Eventually, more affluent people began to appreciate and demand these tasty pockets of corn dough filled with delectable things.
Tamales began to represent everyone, whether they had money or not. Now, almost anyone with a palate that can appreciate this Mexican-inspired dish that reached across the culinary world and planted roots, can become a part of an ancient tradition with the right pot and steamer.
Stemming from an ancient culture, but timeless in its appreciation and deliciousness, this dish is a testament to what type of cuisine can rise from a struggle and become undisputed royalty in the food world.
Tamales Are Holiday Favorites
Did you know that making and eating tamales is a longstanding and steadfast holiday tradition?
Often, groups of people, especially family members, get together in big groups and hold a tamalada, the official name of a holiday gathering, to make dozens of tamales at one time.
Part of that reason is due to the process of making tamales. Tamales aren’t necessarily difficult to make, but the process involves multiple steps that can take a lot of time.
During the holidays, when people tend to be home, have more downtime, and are gathered together, the timing is perfect for culinary teams to take on different steps of tamale making and bring everyone together at the end to roll an individual tamale.
Tamales are not limited to the winter holidays, of course. These are special occasion meals that also find themselves gracing tables on birthdays and weddings.
Tamales are so good that the dish is a no-brainer for any table on a special occasion. Yet, most people that appreciate them wouldn’t turn them down on any given day.
The Different Types of Tamales
While some food historians trace tamales roots to Mexico, different types of tamales exist in practically every region of Central America, including parts of the Caribbean and South America.
Regional foods are often heavily influenced by which ingredients the most accessible to each area. So, some tamales are filled with meat like beef, chicken and fish, while others may be filled with fruits, vegetables and cheese.
Sometimes, tamales are filled with different mixtures that combine some of these ingredients. Some examples of the types of tamales that originate from different regions in Mesoamerica include:
Starting at the presumed origin point of tamales, Mexican tamales have many variations, particularly depending on which region the tamal is based in. It’s such a diverse country with many different types of terrain.
There are landlocked regions that are more meat based, but there are also regions that are near the oceans and tropical areas. You could order tamales in Oaxaca, Michoacan, Monterey, Yucatan, or Veracruz and every one would have its own flavor stamp.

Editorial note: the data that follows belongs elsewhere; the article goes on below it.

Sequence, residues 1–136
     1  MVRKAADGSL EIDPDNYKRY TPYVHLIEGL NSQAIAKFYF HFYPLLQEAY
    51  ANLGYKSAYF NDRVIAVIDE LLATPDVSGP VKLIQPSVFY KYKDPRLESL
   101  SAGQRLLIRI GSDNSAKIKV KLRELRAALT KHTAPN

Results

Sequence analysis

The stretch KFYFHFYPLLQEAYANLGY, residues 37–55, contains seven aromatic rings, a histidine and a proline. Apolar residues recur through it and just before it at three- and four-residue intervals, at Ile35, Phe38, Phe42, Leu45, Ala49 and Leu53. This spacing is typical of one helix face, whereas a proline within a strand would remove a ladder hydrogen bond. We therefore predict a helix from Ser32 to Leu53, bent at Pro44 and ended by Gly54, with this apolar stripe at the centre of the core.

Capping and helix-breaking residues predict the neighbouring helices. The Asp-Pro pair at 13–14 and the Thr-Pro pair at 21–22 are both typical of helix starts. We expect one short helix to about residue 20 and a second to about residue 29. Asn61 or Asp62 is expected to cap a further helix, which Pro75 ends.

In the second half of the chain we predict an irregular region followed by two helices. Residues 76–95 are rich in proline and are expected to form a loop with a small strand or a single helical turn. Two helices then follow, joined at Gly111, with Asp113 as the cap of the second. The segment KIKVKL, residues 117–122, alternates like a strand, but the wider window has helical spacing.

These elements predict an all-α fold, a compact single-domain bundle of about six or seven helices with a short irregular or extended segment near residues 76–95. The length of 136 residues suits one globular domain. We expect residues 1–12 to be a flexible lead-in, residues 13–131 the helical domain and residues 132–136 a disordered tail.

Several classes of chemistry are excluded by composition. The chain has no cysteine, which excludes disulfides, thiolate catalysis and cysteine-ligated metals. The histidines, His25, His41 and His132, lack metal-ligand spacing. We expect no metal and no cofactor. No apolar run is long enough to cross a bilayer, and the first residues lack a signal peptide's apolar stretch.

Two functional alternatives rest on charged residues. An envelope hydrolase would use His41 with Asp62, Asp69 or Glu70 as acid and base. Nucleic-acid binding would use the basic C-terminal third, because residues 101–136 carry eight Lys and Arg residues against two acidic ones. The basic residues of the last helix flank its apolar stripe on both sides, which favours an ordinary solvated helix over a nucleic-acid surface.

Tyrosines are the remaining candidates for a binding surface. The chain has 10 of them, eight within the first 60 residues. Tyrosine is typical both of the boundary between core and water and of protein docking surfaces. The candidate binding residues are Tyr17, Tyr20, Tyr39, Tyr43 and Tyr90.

Tamales commonly made in Mexico can include diverse ingredients such as beef, fish, chicken, or pork (seasoned with barbacoa). Many will be wrapped in corn husks, but could also be wrapped in plantain leaves.
Also called chuchitos and paches, Guatamalan tamales have special names like Tamale Negro and Tamale Colorado. The Colorado version has a deep red sauce that is very savory, often served with pork, beef or chicken.
Tamales can also be sweet, laden with nuts, sugar, and fruit. It is such a popular treat throughout the country that many people take time every weekend (usually on Saturday) to take a tamale outing. Vendors set up shop just to sell these tasty morsels.
Also called nacatamales, tamales in Nicaragua are largely based on slow-cooked pork butt cooked in a tomato-vinegar broth as a filling.
Another difference is that Nicaraguan tamales are also often wrapped in banana leaves as opposed to corn husks.
Tamales in Costa Rica can be made with many types of fillings, including chicken or pork, and, sometimes, beef. Unlike Mexican tamales, the Costa Rican version is often wrapped in plantain or banana leaves before they are cooked.
It’s also not unusual to find the filling includes rice. Like many other countries in Mesoamerica, tamales are a huge deal at Christmas and are considered a special treat.
Chicken tamales wrapped in plantain leaves are all the rage in El Salvador.
Often served with recaudo, a tomato sauce imbued with garlic and onions, fillings can also be made with potatoes, green olives, green beans, carrots, and chickpeas.
Honduras also calls this tasty treat nacatamales and, like other surrounding countries, gives tamales revered attention during the holiday season.
Chicken is a popular filling, but tamales can also be made with other meats, too.
How Tamales Are Made?
While there are different types of ingredients for tamales, the cooking process is essentially the same.
Whatever filling you’re going to use is typically cooked first because it takes a while to make the stew-like meat. Masa harina is combined with oil or lard to make a soft, malleable dough that can be spread over a corn husk or banana leaf.
After the dough is spread, the filling is placed in the middle of the tamal. It takes some practice, but the edges of the dough are carefully brought together at the seams.
The tamal is then tied together, typically with shreds of corn husks or banana leaf.
During a tamalada, dozens are made at one time with multiple people helping out. After a bunch are made (or the dough is used up), tamales are placed in the pot to steam until the dish is done.